The following media statement has gone out today 17 May 15 About 20-25 people will be gathering in Otaki over Queens Birthday weekend for an “unconference” on designing a thriving post fossil fuel economy. Spokesperson Deirdre Kent said the group has been meeting online for three years and wants to design an economy that obeys the laws of Nature. She said one of their floated ideas was to have the Community Board or an elected Community Land Trust acquire a growing parcel of land and to share the rents as a Citizens Dividend. “Sharing the rents from the exclusive use of the commons is a fundamental policy for equity. Inequality between the landless and the others can only be addressed this way,” she said. The group is also keen on publicly created money, issued without debt or interest. “What we would like to see is a currency spent into existence by Community Boards to buy land and for that currency to be accepted by Council for rates and fees. Eventually we believe that Government would accept it for taxes when they want to share the revenue. There will be a Skype link on Friday night with London economics Professor Steve Keen on the current risks to the global economy, and another to Melbourne on Saturday with Karl Fitzgerald who has studied the possible rental income from the monopoly use of the commons in Australia, enough to replace deadweight taxes. Paekakariki feminist economist Prue Hyman will speak on the need for a Basic Income on Saturday. “Manufacturing and jobs and affordable housing will come naturally when we address fundamental invisible structures like currency design and the tax and welfare systems”, she said. Ms Kent said they expected to have a very stimulating weekend using open space discussion. Conference information

Modernising the Georgist ‘doctrine’ without using the words “land value tax”

41bQo1jRHqL._BO2,204,203,200_PIsitb-sticker-v3-big,TopRight,0,-55_SX278_SY278_PIkin4,BottomRight,1,22_AA300_SH20_OU01_In Land a New Paradigm for a Thriving World, Martin Adams has spelled out his philosophy that no one should make a profit from owning land. He has carefully and thoughtfully reframed the Georgist ‘doctrine’ for a modern era and developed a clear new language. For example here is a classic sentence: ‘What most people don’t yet realise is that the value of land is best shared, and that whenever we profit from land we profit from society.”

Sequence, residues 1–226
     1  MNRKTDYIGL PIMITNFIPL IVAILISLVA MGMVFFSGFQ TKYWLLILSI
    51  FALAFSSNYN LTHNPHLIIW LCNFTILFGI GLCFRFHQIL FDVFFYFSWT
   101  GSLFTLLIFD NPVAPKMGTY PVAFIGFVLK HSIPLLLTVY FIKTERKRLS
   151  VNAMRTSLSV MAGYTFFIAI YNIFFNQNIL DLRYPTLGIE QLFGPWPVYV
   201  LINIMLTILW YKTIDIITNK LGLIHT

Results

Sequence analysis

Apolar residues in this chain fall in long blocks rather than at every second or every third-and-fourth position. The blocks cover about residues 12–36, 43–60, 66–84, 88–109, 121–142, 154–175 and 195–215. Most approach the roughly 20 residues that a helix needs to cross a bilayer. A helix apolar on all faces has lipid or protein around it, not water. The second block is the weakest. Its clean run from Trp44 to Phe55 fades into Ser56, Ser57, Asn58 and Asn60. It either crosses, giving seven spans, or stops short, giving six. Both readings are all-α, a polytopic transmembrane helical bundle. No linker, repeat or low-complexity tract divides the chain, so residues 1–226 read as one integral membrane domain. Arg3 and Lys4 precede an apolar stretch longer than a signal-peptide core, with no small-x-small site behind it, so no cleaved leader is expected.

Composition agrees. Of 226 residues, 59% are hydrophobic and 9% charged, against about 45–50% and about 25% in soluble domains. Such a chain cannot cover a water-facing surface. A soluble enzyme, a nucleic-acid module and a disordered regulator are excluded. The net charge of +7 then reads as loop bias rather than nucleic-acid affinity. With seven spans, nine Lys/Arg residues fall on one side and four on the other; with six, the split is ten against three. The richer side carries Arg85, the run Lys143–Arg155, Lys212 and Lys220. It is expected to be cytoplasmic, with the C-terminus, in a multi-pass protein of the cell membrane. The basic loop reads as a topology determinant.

Martin is no slave to doctrine and clearly thinks out the issues for himself. He sees the vision. “Once we being to share this value with one another, we have the opportunity to unleash a cultural, technological, ecological, and even spiritual renaissance that will liberate us in ways we can’t imagine.”

And – great news – Martin is no centralist. He understands that revenue must flow from the periphery to the centre, not the other way round. So he talks of land moving into a Community Land Trust and people then paying a Community Land Contribution. Some of the revenue stays local and the rest is passed upwards to other levels of government.

From his description of how to prevent urban sprawl to his chapter on using farmland efficiently, Martin challenges us to think in a fresh way.

Thoughout this valuable little book Martin has steadfastly refused to use the word ‘tax’ , arguing it implies that the people being taxed have to part with something that belongs to them. “Land value taxes”, he says, “are still rooted in the paradigm of private land ownership.”

The questions arising from this book regarding the practicalities of some of his suggested solution remain to be tackled. Martin, being so honest and so curious, will no doubt ask more questions, talk to more people and develop more politically realistic solutions. It's monumental task. I have no doubt he will make an even bigger contribution in the future. Watch this space!

Charles Eisenstein, Thom Hartman and Peter Barnes don’t just recommend any book or call a book a ‘brilliant contribution’ or a ‘modern breakthrough’. Their reputations would be at stake if they did.

Available here